Tom, whether you like it or not, you are viewed as Oracle's mouth piece, you are the voice of Oracle for the DBA community.

I realize you don't write the docs, but I was surprized by your vehement objections that the docs were just fine as is. In polls of experienced DBAs (now with total years of experience close to 70) only 1 knew the exceptions into clause worked this way instead of the way I also thought it did. This is what concerns me, the docs don't seem to have made it clear what is going on.

David Aldridge said...


I think that the functionality of the clause is not only the most appropriate, but it is also the only desirable functionality. My thoughts on the subject were lengthy enough for me to bump it over to my own blog.
... or ...
http://oraclesponge.blogspot.com and look for EXCEPTIONS INTO.

Comments here or there are welcome.

Ajay said...

The way the "exceptions into" clause works makes sense. You are validating all the data already in the table against the constraint. Thats very different from DUP_VAL_ON_INDEX (which is the functionality I think Mike expected to see).

Bob B said...

An ordinal row makes sense only in a serial environment. If each transaction must commit or rollback before the prior transaction, then we can probably determine which was the ordinal row and its sequential duplicates.

Throw 2 (or more) users in the mix and that certainty in the ordinal goes down the drain.


T1: User 1 issues INSERT INTO MY_TABLE VALUES ( 1, 0 );
T2: User 2 issues INSERT INTO MY_TABLE VALUES ( 1, 100 );
T3: User 2 commits;
T4: User 1 commits;

Now which user has the ordinal row? User 1 thinks its User 1 because he inserted the row first. User 2 thinks its User 2 because he committed first.

Also, as Tom Kyte pointed out, there are times where the ordinal row is meaningless. In your case, you wanted to keep the first row and ditch the rest. What if you had a table of addresses? In that case, you'd probably want the most recent row because its the most likely to be correct.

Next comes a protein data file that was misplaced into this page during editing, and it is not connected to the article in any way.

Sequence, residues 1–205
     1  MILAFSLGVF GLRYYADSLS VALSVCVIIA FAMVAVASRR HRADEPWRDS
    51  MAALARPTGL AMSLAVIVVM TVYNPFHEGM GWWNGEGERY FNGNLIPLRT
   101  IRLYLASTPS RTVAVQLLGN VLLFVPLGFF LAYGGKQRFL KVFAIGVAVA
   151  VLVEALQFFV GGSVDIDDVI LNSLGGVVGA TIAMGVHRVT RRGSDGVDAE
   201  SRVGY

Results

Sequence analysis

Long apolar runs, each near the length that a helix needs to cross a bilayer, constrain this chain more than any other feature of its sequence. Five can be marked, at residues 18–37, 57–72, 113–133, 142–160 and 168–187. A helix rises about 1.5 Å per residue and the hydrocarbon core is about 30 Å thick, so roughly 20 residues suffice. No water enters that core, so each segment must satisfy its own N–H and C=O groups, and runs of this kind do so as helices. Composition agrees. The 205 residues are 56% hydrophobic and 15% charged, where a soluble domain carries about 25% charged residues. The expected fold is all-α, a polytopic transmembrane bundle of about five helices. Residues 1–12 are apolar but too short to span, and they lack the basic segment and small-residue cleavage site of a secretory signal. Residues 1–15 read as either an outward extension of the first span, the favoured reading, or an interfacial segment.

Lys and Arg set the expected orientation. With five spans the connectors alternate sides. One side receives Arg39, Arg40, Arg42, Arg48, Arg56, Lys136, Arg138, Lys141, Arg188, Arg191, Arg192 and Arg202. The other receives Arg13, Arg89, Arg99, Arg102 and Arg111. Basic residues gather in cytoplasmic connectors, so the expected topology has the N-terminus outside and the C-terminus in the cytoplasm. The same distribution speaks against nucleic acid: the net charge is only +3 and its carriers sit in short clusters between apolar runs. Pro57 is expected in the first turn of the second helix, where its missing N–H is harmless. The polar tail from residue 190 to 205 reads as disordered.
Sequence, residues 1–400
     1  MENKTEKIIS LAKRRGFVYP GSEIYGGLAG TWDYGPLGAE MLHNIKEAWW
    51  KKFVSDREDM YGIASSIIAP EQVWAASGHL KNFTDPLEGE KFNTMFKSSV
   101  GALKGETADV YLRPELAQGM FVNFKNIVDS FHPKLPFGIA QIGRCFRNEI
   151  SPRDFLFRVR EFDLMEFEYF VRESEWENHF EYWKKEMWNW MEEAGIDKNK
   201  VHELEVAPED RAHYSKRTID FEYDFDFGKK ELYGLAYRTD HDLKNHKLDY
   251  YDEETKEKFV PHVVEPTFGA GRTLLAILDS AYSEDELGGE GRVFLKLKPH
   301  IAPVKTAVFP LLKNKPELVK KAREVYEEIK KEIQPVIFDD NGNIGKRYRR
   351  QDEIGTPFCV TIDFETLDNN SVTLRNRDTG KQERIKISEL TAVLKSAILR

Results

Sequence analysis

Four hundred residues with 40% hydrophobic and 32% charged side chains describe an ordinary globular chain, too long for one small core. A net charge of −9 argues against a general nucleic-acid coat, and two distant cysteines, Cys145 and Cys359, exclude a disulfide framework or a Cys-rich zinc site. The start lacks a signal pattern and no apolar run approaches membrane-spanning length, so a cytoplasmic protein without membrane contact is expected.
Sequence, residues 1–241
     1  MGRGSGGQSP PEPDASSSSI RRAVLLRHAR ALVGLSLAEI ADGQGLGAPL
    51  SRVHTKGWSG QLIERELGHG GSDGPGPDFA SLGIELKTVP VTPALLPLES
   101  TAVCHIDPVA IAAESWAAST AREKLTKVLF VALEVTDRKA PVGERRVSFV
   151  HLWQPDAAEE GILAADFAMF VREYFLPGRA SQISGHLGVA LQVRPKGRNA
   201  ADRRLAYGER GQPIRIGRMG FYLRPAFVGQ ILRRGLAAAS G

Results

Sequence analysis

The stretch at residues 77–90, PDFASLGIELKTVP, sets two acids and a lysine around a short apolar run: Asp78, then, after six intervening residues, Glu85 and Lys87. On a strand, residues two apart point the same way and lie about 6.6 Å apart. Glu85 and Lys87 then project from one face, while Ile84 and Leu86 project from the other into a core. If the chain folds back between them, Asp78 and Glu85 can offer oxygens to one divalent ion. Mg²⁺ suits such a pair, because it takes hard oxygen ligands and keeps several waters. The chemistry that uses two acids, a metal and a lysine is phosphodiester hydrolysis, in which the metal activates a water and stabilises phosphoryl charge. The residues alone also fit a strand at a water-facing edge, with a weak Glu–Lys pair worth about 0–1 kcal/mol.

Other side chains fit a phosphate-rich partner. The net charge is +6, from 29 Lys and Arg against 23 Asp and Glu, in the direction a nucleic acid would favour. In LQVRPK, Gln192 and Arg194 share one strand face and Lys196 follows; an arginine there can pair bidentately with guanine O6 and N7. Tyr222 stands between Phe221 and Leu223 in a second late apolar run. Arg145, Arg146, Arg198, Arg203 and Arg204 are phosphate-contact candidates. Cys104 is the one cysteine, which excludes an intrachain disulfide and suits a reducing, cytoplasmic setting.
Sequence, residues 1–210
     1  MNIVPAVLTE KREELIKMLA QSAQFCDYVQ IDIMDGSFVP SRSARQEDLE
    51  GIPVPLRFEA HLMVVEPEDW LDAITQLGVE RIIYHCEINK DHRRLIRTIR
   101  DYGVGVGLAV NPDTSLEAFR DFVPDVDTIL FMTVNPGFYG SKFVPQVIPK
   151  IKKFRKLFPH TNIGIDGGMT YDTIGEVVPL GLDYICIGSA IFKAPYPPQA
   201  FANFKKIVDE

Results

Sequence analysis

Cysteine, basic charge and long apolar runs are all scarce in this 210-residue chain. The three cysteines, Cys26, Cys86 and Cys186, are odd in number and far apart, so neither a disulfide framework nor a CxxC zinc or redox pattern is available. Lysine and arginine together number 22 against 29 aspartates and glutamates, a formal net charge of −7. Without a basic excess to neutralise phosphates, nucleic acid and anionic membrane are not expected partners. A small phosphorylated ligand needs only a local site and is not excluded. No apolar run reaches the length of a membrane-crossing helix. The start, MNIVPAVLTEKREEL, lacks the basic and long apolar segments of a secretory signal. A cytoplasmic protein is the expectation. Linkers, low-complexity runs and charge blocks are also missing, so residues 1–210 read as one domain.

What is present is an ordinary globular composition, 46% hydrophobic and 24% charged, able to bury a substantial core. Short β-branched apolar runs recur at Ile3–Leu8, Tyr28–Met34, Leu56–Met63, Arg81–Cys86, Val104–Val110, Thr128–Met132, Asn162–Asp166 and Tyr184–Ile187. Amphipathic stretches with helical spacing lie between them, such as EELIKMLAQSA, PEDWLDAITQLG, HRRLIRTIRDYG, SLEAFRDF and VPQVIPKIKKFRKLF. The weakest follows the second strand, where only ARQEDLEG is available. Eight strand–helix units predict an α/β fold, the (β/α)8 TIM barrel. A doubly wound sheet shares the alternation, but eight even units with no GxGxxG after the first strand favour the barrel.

I've read stories about how immigrants coming into America via Ellis Island were given bananas. Many, never having eaten a banana before, ate the peel and threw the actual banana away.

So, if you saw me eat a banana peel and then I told you that bananas taste horrible, what would you do? (Going for an analogy here, hope its sensible)

Peter K said...

I think you are over-reacting. How Oracle handles exceptions would be how I would handle it. Given two or more rows with duplicate keys, there is no way that you can tell which is the correct one so you will have to mark all of them as exceptions. As you very well know there is no order to data being retrieved by Oracle unless you explicitly asked for it to be ordered so throwing away the rows after the first row could be different depending on when you execute the query.

Lighten up, folks pointing out that your basic assumption might be incorrect doesn't mean that they are deliberately trying to trip you up. It's always beneficial to get another viewpoint. It's like trying to debug a bug with a syntax error and when you are so close to the code you ended up not seeing the obvious and another pair of eyes definitely will help.

Mike said...

Every one seems to be saying that I proposing the ordinal row is the best row, that is not what I am saying. I am saying it would indicate which row to start your search on. Even if every row is placed into the exceptions table, just a mark in the sand (the ordinal row) would help in resolution of the situation.